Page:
4) Leonardo da Vinci, Virgin of the Rocks, National Gallery, London, 1495-1508, oil on panel, 189.5 x 120 cm.


This also goes back to fantasia, because Da Vinci advises painters in the Trattatto to look at water droplets on the walls of caves in which they will find ideas for their art- the morphological method again. Pondering this “fear and desire” that Leonardo speaks of reminds me of another frightening encounter with nature, this time outside art history. Wordsworth’s nocturnal excursions in The Prelude:Growth of a Poet’s Mind terrifies the child, but leaves an impression about nature that is never eradicated. However, unlike a romantic like Wordsworth, Leonardo was able to fuse his poetic imaginings with a rational objectivity, until the two were virtually inseparable. He did both science and art and was completely unselfconscious about it. His drawings can be seen as “scientific reports” ,or graphic representations of his fantasia in action.


studies-of-water-passing-obstacles-and-falling.jpg!HalfHD 01landsc

5) Leonardo da Vinci, Studies of Water, c. 1510, Royal Library, Windsor Castle, ink on paper, 29 x 20.2 cm.

6) Leonardo da Vinci, Study of a Tuscan Landscape, Valley of the Arno, 1473, Florence, Uffizi, pen and ink,


Of the four elements, it was water that most excited the artist. In Milan and Florence, Leonardo studied hydraulics- (a topic in applied science and engineering dealing with the mechanical properties of liquids). As a military and civil engineer, Leonardo was interested in canals and one occasion tried to divert the river Arno, unsuccessfully. Water is present as an early interest in the drawing of the valley of the Arno (6), where we see rivers, pools and waterfalls. According to Leonardo, water “conceals an infinity of movements”, which offers a clue to his interest in it: from it he could devise a system of dynamics that was applicable in both artistic and scientific contexts. A number of drawings (5) betray the artist’s fascination with water; these illustrate such statements as the following. “Thus, united to itself, the water turns in a continual revolution. Rushing hither and thither, up and down, it never rests, neither in its course nor in its character; it owns nothing but seizes everything, borrowing as many different characters as the landscape it crosses.” Could we surmise that the old man contemplating the behaviour of water  (1) is a portrait of the artist as natural philosopher?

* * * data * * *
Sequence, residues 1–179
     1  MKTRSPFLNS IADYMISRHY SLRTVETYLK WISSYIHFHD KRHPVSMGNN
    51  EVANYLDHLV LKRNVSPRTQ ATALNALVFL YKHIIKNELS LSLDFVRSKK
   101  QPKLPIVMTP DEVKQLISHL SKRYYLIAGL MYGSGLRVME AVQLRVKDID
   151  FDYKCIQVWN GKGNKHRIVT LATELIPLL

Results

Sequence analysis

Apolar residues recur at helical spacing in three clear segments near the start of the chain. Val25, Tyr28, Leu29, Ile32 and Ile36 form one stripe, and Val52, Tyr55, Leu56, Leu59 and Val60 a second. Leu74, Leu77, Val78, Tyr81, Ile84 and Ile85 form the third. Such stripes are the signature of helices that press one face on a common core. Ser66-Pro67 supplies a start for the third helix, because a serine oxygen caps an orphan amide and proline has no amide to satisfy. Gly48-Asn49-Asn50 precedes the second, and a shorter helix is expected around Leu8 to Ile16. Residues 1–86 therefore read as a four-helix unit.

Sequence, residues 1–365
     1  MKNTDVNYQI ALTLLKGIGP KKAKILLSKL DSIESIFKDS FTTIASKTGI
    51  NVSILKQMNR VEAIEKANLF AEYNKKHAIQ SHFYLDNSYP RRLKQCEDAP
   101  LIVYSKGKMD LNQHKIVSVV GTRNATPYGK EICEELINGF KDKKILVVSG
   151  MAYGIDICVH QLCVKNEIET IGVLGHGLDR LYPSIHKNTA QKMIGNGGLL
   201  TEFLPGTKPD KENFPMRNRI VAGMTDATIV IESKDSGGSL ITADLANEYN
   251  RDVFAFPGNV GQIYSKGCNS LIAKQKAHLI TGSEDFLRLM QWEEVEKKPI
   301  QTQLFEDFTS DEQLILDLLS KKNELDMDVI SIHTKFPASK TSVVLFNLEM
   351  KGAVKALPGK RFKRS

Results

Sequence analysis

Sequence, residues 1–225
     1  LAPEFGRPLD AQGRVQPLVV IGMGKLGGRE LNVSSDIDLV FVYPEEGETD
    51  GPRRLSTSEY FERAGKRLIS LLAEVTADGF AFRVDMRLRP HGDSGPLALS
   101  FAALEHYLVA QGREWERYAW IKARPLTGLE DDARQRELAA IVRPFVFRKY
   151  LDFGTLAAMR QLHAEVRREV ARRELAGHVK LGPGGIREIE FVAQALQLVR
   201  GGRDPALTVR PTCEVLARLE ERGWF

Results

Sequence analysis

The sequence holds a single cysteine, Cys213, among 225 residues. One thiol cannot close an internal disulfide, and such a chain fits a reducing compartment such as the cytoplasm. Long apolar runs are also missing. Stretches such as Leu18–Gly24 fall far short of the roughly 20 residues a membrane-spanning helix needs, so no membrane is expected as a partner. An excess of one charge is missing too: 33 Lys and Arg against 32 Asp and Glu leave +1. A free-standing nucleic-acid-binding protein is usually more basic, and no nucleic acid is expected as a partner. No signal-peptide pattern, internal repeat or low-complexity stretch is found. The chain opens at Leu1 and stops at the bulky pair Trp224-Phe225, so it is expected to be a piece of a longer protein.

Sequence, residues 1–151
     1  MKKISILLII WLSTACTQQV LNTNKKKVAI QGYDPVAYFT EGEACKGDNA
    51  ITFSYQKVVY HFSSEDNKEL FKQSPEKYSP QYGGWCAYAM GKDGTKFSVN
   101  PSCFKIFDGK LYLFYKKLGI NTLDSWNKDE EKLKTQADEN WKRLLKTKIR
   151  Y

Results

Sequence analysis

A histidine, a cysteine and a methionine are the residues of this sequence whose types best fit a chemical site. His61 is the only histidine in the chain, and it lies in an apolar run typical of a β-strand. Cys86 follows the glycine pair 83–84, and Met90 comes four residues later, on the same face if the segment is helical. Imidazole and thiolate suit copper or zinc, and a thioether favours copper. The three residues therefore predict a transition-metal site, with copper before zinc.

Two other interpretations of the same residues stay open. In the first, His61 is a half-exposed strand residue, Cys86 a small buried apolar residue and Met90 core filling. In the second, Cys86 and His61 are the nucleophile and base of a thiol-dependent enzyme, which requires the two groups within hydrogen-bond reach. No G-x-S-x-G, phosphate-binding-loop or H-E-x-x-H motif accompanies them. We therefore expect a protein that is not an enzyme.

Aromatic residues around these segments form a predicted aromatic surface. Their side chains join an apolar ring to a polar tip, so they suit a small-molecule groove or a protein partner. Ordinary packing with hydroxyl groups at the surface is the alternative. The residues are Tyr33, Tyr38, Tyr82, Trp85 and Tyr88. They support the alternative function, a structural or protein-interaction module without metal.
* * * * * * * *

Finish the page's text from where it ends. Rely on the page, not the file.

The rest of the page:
2annunc study-for-the-head-of-leda

7) Leonardo da Vinci, The Annunciation, c. 1472, Florence, Uffizi, oil on panel, 217 x 98 cm.

8) Leonardo da Vinci, Head of Leda, 1506, Windsor Castle, Royal Library, pen and chalk on paper, 17.7 x 14.7 cm.


As for water’s applicability to the art of painting, it can be seen in the rhythms and patterns of the hair of Leonardo’s figures, e.g. the angel in his Uffizi Annunciation (7)or his beautiful head of Leda (8). Unlike Verrocchio’s hair, which Vasari tells us derives from his love of knots, Leonardo conjures movement out of the forms in nature, thus demonstrating his view that humanity is part of it. But water means much more to Leonardo than this: it can be deployed in medical investigations (the fluids of the body likened to the seas and rivers); geology (its presence in underground caverns and the earth); psychology (the deluge drawings which hint at a morbid fascination with disaster and death.).


deluge-over-a-city 02_3ce2

9) Leonardo da Vinci, Deluge over a City, c. 1517,, Royal Library, Windsor Castle, chalk on paper, 163 x 210 cm.

10) Michelangelo, The Deluge, 1508-9, Sistine Chapel, Vatican, fresco, 280 x 570 cm


Interestingly, these tempestuous set of drawings (9) may have a more factual basis; they may have been inspired by two catastrophes that occurred in 1513 and 1514 in the region of Bellinzona, which has inspired some to arrange them in sequence like meteorological illustrations to a weather report. Alternatively, as Daniel Arasse suggests, they might be viewed as a scientific response to Michelangelo’s religious Deluge (10) on the ceiling of the Sistine Chapel, maybe a continuation of the embittered rivalry between the two artistic giants which was always smouldering below the surface.[6]